BOMB 31 Spring 1990
“I think photographs take the richness of our temporality and reduce it.”
A portfolio of Lisa Hoke by Betsy Sussler, concerning Hoke’s sculptures.
He is the consummate media junkie, overflowing with pop references, a veritable lexicon of trivia and kitsch.
“I experiment a lot, it’s true. I like to try a lot of things, and repetition is not one of my favorites.”
With five titles short-listed for National Book Awards, and the fiction prize for Them in 1970, Joyce Carol Oates has been one of the presiding voices of American literature for the past four decades.
Liza Béar directed the film Force of Circumstance, a political drama set in the infamous city of Casablanca and Washington DC. Her body of work of short films consist of Oued Nefifik: A Foreign Movie, Lost Oasis, and Earthglow.
Bleak balladeer Nick Cave discusses his foray into fiction writing with Lindzee Smith.
“When you see a film, you can analyze the director. You know if they’re emphatic, energetic, sensitive or not, empty or full. Everything. To direct you are naked, absolutely.”
“I always said what distinguishes great writers is their infinite compassion.”
“People measure the success of theater by how completely they get off while they’re there. It’s like sex: if you don’t get off, then there was something incomplete about it.” Leonard Shapiro
From the fantastical Gotham City in Batman, to Vietnam War-scapes in England in Full Metal Jacket, Furst’s imagination and technical brilliance played an indispensable role in ushering in a new era of production design.
I. John the Cop.
“I don’t bullshit about what I did.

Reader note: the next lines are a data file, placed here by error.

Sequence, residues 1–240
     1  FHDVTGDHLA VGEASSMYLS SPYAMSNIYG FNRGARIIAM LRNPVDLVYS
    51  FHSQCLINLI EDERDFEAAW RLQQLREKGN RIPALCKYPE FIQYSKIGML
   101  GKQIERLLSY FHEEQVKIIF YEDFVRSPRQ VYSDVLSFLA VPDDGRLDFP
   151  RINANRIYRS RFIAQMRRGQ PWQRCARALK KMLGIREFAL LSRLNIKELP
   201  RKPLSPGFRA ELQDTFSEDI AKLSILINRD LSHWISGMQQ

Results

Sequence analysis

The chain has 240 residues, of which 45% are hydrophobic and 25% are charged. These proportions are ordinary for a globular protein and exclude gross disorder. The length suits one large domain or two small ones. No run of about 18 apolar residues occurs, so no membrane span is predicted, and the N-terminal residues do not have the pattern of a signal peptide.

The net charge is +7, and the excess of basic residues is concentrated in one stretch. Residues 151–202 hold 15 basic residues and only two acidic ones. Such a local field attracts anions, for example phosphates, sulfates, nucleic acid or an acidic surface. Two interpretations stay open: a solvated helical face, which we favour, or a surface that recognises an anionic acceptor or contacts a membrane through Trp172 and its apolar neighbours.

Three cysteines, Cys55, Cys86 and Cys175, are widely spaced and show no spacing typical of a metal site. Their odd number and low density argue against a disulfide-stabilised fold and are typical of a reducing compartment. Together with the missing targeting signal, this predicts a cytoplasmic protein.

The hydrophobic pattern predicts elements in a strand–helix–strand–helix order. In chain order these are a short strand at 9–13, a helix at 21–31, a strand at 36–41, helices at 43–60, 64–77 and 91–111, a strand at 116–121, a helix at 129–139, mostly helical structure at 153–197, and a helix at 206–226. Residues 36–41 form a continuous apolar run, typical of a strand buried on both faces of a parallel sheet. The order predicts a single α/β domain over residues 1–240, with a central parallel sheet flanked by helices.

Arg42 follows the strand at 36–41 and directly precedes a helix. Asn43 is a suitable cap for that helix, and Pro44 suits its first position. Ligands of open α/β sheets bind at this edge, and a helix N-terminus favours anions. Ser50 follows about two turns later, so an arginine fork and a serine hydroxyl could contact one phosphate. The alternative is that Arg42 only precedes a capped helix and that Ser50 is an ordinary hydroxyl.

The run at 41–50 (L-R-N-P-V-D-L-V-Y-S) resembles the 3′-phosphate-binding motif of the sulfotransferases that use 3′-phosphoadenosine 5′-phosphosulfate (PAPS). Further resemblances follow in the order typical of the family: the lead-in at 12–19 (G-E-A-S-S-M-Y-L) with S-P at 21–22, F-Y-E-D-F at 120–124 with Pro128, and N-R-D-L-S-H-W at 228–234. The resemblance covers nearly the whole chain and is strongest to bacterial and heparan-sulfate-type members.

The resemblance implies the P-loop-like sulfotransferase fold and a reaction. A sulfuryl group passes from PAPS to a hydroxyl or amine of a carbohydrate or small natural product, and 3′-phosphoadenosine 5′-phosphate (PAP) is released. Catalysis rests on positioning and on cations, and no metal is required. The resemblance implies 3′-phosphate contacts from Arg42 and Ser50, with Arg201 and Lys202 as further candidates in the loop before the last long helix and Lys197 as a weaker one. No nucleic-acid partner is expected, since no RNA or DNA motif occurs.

Maybe this time he would find it. Then he could be through.
Advice from the good doctor on how to survive in this Babylon
this “garden of longing sown with the seeds of ruin”
this unrequited howling for more
more of everything, of anything …
When the UPS man climbed the steps, tapped on the door, propped his foot up on the teak threshold, I signed on line 39 although the package was crumpled, although I suspected the shells were cracked inside.
Several still images from video, titled Installation, by Mary Lucier.
Mel Kendrick’s wooden sculptures record the history of their own making. Wood has a history inherent in its markings. So too, his work scribbles the process of its being. Cuts are marks, and shapes are cut-out and glued (somewhere else) in a wildly primitive and aggressively peculiar physicality. “The whole process is constantly reinventing itself … a composite of awkward moments …” The awkward moment between indecision and acceptance becomes, in the end, simultaneously their history and their present, a riotous balancing act.